After her grandfather was assassinated by Basque separatists in 1977, Ybarra’s family never talked about it. Using fiction to fill in the gaps, debut novel The Dinner Guest is up for the Man Booker International prize

When the Spanish writer Gabriela Ybarra heard she had been nominated for the Man Booker International prize, she could hardly believe it. “I had just fed the baby and was going to take a nap,” she says, her four-month-old son gurgling and squawking on her knee, as she speaks at her home in Madrid. “I was super-relaxed. Then I read the email from my UK editor and I couldn’t sleep, because I was so excited.”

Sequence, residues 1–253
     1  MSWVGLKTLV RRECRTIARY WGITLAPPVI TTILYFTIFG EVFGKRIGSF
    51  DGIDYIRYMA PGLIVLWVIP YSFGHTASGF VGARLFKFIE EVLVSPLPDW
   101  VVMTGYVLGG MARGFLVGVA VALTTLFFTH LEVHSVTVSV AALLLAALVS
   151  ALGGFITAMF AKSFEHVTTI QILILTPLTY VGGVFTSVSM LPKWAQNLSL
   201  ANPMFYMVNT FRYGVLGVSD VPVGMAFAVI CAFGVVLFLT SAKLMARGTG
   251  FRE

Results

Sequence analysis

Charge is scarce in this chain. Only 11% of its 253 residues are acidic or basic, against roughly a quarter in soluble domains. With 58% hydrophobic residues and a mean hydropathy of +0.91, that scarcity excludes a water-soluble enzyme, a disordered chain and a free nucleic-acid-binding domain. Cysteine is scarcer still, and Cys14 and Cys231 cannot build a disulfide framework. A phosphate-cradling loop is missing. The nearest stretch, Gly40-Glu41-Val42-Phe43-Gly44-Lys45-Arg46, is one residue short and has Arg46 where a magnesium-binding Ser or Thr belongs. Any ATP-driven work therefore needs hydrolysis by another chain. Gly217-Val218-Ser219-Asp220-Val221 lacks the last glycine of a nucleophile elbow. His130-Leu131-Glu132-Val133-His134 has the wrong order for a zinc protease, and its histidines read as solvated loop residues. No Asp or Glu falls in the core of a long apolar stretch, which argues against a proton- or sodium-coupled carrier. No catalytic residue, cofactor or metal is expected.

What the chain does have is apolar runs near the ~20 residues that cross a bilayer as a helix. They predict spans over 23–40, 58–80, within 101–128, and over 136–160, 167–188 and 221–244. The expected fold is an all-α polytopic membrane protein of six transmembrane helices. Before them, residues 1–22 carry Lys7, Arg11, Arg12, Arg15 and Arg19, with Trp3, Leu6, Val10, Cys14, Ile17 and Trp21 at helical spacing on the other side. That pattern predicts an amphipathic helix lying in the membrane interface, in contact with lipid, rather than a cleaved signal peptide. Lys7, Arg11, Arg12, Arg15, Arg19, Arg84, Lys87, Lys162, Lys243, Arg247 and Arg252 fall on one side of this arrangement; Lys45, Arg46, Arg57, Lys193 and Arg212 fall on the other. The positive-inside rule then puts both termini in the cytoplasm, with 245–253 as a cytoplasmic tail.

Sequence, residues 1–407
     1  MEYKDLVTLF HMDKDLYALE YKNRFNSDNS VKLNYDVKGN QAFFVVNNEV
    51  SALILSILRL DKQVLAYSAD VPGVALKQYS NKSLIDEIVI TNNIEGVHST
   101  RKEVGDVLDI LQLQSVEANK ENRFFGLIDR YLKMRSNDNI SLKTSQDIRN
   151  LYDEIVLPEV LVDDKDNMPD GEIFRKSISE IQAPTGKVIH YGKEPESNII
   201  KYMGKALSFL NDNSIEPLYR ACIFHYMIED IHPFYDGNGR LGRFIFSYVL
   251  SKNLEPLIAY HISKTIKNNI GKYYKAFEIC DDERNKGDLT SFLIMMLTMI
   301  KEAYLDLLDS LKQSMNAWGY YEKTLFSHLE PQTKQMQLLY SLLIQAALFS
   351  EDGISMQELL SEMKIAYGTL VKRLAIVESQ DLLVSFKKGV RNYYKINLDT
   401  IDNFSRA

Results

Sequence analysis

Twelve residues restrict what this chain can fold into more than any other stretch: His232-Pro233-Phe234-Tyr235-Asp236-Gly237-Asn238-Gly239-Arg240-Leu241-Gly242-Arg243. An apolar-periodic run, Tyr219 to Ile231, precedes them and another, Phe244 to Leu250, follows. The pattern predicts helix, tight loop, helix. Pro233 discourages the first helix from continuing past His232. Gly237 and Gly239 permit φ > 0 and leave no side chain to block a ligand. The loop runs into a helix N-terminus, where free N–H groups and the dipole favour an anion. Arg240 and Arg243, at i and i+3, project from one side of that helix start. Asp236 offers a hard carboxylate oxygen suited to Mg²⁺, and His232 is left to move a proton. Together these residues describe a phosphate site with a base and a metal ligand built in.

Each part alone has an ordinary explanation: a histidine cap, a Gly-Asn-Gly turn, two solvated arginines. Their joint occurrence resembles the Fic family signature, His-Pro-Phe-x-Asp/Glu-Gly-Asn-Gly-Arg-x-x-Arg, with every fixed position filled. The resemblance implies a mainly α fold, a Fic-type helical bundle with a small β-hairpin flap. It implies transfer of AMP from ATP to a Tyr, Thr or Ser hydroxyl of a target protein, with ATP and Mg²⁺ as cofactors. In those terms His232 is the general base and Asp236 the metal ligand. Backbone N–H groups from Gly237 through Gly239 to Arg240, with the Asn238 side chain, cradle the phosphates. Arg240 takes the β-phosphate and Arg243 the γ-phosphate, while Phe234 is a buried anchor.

The novel that has put this debut author alongside literary stars such as Laurent Binet, Han Kang and László Krasznahorkai is The Dinner Guest, a bold examination of silence and mortality that explores her grandfather’s murder at the hands of Basque separatists in 1977, and her mother’s death from cancer in 2011. The novel was born from Ybarra’s frustration with her mother’s obituaries, and her own struggle to capture the woman she loved in prose.

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